What do you think?

 

 

 

 

Understanding “I do not permit a woman to teach…”

Firstly, a big welcome to those of you who have come here via Frank Viola’s blog, Beyond Evangelical and his mention of my enhanced e-book on hearing God.  My blog, SimplyChurch, generally looks at different aspects of life in the Kingdom, especially as it relates to the simple/organic/house church movement. However, at present, I’m doing a series of posts on the topic of women because I’m in the process of co-writing a book on this subject. Frank is one of the contributors to the book.

I hate headlines like this one:

In this particular case, the lady, who had been a member at that church for more than 60 years and a Sunday School teacher for 54, was fired, at least in part, because of the verse in 1 Timothy 2:12. The pastor of the church wanted to be sure they were obeying the Scriptures. While I respect him for his desire to be Biblical, it is very sad, not only for the lady concerned, but also because of the negative publicity it engenders for the Body of Christ.

We all want to obey the Scriptures. So how can we understand a verse like this?

I discussed the background to the verse (which is very relevant) in this post. The purpose of Paul’s letter to Timothy in Ephesus was to stop false teachers who were causing problems in the church there  (1 Timothy 1:3-4). We also know that this is the only verse that apparently forbids women to teach–elsewhere there is every indication that women were free to bring a teaching.

Here’s the challenging passage in full:

I desire therefore that the men pray everywhere, lifting up holy hands, without wrath and doubting;  in like manner also, that the women adorn themselves in modest apparel, with propriety and moderation, not with braided hair or gold or pearls or costly clothing,  but, which is proper for women professing godliness, with good works.  Let a woman learn in silence with all submission.  And I do not permit a woman to teach or to have authority over a man, but to be in silence.  For Adam was formed first, then Eve. And Adam was not deceived, but the woman being deceived, fell into transgression. Nevertheless she will be saved in childbearing if they continue in faith, love, and holiness, with self-control. (1 Timothy 2:8-15 NKJV)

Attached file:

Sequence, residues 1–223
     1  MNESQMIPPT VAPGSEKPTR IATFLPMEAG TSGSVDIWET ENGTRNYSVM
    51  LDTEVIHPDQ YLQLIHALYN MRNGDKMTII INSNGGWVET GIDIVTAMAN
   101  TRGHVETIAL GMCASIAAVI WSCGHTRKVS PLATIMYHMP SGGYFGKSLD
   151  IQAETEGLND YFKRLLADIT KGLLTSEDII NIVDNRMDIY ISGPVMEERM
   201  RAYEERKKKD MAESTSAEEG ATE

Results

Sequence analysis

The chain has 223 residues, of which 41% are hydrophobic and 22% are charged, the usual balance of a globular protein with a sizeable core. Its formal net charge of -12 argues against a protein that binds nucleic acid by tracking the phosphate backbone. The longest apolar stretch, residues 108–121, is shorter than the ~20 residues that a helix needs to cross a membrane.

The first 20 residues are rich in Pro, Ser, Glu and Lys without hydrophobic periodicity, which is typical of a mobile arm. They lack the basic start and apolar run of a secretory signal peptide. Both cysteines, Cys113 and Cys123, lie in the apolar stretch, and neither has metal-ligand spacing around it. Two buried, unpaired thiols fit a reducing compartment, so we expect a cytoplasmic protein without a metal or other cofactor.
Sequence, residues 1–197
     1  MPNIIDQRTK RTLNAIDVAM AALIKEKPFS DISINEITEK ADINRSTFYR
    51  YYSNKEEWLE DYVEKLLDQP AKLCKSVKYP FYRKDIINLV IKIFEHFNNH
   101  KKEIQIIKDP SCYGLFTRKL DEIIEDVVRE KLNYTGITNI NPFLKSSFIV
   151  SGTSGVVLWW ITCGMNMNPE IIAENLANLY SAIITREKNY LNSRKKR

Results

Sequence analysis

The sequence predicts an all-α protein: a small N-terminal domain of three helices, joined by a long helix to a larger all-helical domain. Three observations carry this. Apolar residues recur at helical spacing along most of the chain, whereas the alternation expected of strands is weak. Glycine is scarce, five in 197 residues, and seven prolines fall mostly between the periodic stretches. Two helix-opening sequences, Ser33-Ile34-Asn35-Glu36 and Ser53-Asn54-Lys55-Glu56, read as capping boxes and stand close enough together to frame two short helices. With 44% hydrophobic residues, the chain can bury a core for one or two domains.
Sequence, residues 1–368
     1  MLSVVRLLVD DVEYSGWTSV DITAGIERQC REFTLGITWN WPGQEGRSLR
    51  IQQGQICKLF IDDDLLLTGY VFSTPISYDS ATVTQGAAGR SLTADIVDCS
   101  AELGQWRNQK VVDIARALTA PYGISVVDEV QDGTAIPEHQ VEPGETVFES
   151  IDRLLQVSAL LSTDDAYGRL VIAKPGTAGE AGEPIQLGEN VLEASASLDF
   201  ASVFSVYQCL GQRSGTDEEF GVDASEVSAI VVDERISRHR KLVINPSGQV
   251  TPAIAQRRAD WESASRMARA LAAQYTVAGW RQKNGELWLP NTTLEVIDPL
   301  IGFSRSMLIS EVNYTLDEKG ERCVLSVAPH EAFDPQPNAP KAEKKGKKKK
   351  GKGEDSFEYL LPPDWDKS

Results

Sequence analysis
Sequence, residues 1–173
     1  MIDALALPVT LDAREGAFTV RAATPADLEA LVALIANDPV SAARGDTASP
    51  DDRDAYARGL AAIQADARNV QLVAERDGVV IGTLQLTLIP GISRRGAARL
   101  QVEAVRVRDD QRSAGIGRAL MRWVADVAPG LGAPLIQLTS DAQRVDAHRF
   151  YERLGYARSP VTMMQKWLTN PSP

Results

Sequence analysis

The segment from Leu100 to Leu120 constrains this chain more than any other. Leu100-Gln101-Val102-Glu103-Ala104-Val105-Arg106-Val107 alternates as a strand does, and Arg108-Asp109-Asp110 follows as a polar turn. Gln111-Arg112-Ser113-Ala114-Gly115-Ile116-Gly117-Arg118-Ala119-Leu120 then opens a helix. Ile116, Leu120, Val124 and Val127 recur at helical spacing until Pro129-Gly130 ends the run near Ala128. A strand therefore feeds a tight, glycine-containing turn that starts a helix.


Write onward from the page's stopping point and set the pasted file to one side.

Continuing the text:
Notice that sometimes the word “woman” is singular and at other times plural. Women (plural) are to adorn themselves modestly. However, “a woman” (singular) must learn in silence and is not allowed to teach or have authority over the man.  She (singular) will be saved in childbearing, and women (plural) are to continue in faith, love and holiness with self control.

Here’s the likely scenario that would explain it: There was a woman who was promoting false teaching in the church in Ephesus. Paul wants to stop this, and so he commands that this particular woman is to learn quietly, and is not permitted to teach. This is a disciplinary action against a woman who, like the “Jezebel” mentioned in Revelation 2:20, was causing problems by false teaching. Paul had no intention of it being applied to other women, just the one causing turmoil in the church.

According to Philip B. Payne in his excellent theological treatise, Man and Woman, One in Christ: An Exegetical and Theological Study of Paul’s Letters,  the verb “permit” with one dubious exception, never refers to a universal or permanent situation. So the chances are that this was a temporary disciplinary measure.

I’ll be looking into other aspects of this passage in future posts, but I’m interested in your comments as to where we are so far.

 

Women aren’t allowed to teach? Really?